For the last decade, I was always under the impression that the Akkerman bottles were unique to Akkerman. This past week though, I stumbled across some vintage ink bottles on Pinterest that look quite similar.
This ad for Waterman ink features a bottle similar to the Dutch Masters bottle shape, complete with the marble in the neck.
This clipping from a book (unknown details) indicates the Waterman bottle is from France circa 1930s. Looks familiar?
This gorgeous vintage box and bottle above is Gimborn ink from Holland as well but the design looks distinctly 50s or 60s. That label and box is just stunning but the bottle is fluted just like the standard Akkerman bottle. The box in the background lists an address in Holland so it’s possible that Akkerman acquired the bottle making equipment from this company. Even the pen nib on the label on the bottle is similar in placement.
There is a very interesting thread on FPN about the history of early Gimborn bottles and wow! were they ever inventive in their bottle designs. More information about the similarities between the Gimborn and Akkerman bottles can be found in this thread as well.
In my research (AKA “I went down the rabbit hole”), I also discovered ties between Gimborn and Pelikan as well as this document. The crux of the articles indicate that Gimborn sold off the pen portion (including inks) to Pelikan in the 1980s at which point Gimborn inks were no longer made or sold in the long-neck bottles. Gimborn still exists as a company, however they focus their production on the manufacturing of pet-related products.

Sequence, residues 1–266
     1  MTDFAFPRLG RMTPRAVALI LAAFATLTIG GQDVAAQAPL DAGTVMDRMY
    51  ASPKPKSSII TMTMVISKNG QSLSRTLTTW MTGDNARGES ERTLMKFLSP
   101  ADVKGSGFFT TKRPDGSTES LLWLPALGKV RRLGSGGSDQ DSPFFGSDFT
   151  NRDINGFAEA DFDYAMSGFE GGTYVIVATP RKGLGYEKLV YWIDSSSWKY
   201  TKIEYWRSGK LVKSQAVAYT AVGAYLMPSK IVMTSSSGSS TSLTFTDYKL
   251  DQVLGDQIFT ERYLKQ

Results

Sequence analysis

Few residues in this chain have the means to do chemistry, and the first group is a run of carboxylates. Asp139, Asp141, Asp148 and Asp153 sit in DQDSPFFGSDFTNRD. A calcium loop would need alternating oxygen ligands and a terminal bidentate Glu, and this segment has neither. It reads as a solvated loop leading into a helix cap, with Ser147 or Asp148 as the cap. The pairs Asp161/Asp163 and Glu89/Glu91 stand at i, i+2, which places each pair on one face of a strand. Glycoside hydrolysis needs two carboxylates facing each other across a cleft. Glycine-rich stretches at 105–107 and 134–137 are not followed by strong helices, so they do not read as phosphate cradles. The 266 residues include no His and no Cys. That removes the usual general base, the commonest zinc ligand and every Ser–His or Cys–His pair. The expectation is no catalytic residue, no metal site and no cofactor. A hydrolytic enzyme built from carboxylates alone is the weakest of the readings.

This image, above, is the current Akkerman bottle. According to the research I was able to dig up, there is no evidence that Akkerman acquired the design or patent but there is a comment in one of the threads listed above that it’s likely that Akkerman was a fan of the iconic Gimborn bottle and found a glassware designer to remake the bottle for them. The same thread includes schematic drawings of those bottles. If FPN folks can find those drawings, I’m sure Akkerman was able to find them as well and show them to a designer when they designed their bottles.
The image above was culled from the internet. I tried to link to the FPN thread where it appeared but it seems the original image is no longer available so I have to make do with a screen shot. It’s the only image I could find comparing the original Akkerman large bottles and current bottles to comparable Gimborn bottles. There are slight differences in fluting and sizes but it’s fascinating to see, isn’t it?
So, maybe there’s hope that Akkerman might one day attempt to recreate some of the other Gimborn bottles? We can hope.
5 comments / Add your comment below
Wonderful article, Ana. I usually scroll right thru the “ink sample” posts here, but the Akkerman bottle (and their wonderful inks) are a fan fave of mine, and I am glad it caught my eye. Great research on the bottle origins! I didnt know it was an artful copy or homage to a bygone ink company but I am not in the least surprised that the bottle may have french origins! Thanks.
This is a fascinating post with gorgeous pictures of those lovely bottles and ads, thank you!
The Gimborn ink bottle was designed by one of the most well known Dutch glass designers: Andries Copier (https://nl.m.wikipedia.org/wiki/Andries_Copier).
In the Netherlands it is well known the Akkerman ink bottle is a copy of the Gimborn bottle.
When I showed my dad an Akkerman bottle once, he talked about all the ways bottles used to designed to make them easier to fill from. The marble one was common.
Did Waterman use this approach with their Well-Top ink bottles? Thanks!